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The CMO’s guide to programmatic advertising

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The CMO’s guide to programmatic advertising


chris blok headshotChris Blok, SpotXchange director of demand, APAC, explains why programmatic advertising is another piece of marketing automation technology that marketers need to understand. This guide aims to demystify the complexities of programmatic technology.


To date, programmatic advertising has largely been seen as falling outside the marketer’s remit. An adland buzzword, it’s been viewed as a buying mechanic marketers didn’t need to know about.

This belief is already outdated, for a number of reasons.

The first is fragmentation. Marketers need to reach consumers across multiple channels, media and devices. Adjusting message based on user, context and device is a complicated task that only real-time automation can address.

Secondly, the explicit targeting capabilities of online advertising make it possible to personalise messages and track interaction, response and return on investment. The real-time insights generated enable marketers to tailor messages on the fly and re-evaluate their approach continuously in real time, rather than monthly or quarterly.

Which brings us to the third point – the integration of touch-points in a bid to create a single view of a customer. Digital ad strategy needs to plug into data management platforms (DMPs) and talk to other marketing automation systems to enable coordinated contact with customers and target markets.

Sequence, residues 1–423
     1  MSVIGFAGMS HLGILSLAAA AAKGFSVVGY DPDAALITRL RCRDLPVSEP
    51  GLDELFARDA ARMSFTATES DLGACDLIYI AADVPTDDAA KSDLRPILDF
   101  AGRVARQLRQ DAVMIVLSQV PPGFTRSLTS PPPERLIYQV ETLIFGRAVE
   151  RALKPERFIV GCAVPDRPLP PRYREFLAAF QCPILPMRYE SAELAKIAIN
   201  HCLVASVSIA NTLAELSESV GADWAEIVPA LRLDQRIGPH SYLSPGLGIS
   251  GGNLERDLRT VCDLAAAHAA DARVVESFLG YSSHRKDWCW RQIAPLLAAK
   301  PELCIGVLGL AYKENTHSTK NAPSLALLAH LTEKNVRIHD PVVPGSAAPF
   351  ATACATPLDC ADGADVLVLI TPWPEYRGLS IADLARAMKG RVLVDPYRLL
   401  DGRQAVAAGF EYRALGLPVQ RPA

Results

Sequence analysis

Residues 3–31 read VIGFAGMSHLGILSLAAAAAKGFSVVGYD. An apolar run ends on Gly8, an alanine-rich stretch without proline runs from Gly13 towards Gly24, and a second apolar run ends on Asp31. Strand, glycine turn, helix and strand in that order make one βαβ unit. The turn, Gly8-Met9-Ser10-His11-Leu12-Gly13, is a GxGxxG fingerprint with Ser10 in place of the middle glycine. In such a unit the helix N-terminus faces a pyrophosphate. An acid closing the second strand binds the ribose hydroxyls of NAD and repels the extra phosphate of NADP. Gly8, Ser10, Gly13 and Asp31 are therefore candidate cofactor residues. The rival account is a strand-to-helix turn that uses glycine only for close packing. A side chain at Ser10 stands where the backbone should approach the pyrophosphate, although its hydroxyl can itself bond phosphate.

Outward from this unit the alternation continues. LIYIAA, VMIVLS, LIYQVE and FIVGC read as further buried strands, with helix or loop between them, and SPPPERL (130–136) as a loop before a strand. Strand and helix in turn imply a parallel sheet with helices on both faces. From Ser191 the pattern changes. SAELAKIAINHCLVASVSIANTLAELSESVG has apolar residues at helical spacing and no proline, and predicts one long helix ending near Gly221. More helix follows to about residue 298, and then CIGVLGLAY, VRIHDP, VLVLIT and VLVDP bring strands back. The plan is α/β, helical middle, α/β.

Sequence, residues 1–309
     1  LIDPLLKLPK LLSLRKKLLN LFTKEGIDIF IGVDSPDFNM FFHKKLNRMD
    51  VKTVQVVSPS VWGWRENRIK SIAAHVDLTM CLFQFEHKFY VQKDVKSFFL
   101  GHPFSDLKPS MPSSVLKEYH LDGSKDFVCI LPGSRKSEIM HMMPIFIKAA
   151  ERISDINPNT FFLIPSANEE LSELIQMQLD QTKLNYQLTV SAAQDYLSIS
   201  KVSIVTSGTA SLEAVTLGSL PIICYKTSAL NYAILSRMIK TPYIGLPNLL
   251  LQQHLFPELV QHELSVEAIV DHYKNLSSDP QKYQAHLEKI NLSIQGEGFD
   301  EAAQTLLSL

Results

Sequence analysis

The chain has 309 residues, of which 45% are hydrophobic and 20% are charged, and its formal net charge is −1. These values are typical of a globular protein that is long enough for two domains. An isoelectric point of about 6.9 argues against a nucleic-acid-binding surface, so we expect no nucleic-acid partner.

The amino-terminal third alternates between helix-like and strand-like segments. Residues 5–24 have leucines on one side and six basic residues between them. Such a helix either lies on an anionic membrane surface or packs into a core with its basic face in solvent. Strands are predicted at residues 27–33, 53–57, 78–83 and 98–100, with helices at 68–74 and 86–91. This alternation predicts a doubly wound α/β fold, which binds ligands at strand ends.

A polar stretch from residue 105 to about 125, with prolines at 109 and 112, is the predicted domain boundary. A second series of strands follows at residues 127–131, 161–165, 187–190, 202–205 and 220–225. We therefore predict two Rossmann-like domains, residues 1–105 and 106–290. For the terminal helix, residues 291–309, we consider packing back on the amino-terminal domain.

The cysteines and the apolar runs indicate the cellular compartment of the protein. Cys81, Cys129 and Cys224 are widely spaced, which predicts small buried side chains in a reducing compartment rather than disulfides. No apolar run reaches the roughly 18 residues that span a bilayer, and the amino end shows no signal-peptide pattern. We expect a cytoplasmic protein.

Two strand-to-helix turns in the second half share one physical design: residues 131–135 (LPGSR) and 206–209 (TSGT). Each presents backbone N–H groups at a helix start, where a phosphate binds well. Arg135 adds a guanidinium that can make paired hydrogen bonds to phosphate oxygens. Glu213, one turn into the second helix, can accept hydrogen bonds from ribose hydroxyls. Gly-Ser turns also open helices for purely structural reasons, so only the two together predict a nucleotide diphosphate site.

In an age of automated, data-driven, real-time systems of engagement, as opposed to mass, push-based campaigns, programmatic advertising is an unavoidable reality for marketers. It’s just another piece of marketing automation technology.

So you know where I’m coming from, SpotXchange is an inventory management platform for publishers (supply-side platform, ad server, programmatic infrastructure, yield manager and reporting platform), and plays exclusively in the video space.

Here’s a quick guide to help marketers understand and get the most out of programmatic.


The basics

Programmatic refers to the automated sale of ad space – a process driven by an ecosystem of technology that sits between advertisers and publishers.

The technology can be used to either automate the full transaction, removing direct contact between media buyer and publisher, or to automate the workflow behind the sale once it has been negotiated by traditional sales staff (programmatic direct).


programmatic systems chart 540w

How does it work?

When a visitor lands on a webpage carrying an ad unit (‘inventory’), its publisher sends a request for an ad to a programmatic marketplace. The marketplace then returns an ad that matches the criteria specified by the advertiser – audience data, price and other deal terms. The ad selected is the winner of an auction between advertisers competing to serve their ad to the viewer – a process called real-time bidding (RTB). Marketplaces can be set up as open (all advertisers can participate) or private (publishers invite a handful of select advertisers to bid for their inventory).